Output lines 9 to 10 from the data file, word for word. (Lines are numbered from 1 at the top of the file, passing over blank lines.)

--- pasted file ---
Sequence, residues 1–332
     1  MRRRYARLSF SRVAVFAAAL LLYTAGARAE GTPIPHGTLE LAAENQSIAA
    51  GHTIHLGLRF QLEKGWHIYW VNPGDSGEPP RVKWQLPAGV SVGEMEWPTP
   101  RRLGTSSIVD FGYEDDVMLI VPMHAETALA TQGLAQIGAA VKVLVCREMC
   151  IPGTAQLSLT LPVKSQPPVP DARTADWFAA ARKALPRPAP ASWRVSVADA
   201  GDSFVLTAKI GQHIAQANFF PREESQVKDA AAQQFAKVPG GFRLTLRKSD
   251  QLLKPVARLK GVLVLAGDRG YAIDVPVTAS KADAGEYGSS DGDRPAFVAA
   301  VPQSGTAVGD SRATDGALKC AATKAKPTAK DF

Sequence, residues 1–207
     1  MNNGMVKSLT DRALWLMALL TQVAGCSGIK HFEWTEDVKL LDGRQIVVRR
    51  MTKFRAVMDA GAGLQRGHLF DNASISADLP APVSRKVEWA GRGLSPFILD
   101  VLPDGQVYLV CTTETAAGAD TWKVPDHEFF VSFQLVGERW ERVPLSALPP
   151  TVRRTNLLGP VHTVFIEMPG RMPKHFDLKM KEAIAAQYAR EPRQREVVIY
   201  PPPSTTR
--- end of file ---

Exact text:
Sequence, residues 1–207
     1  MNNGMVKSLT DRALWLMALL TQVAGCSGIK HFEWTEDVKL LDGRQIVVRR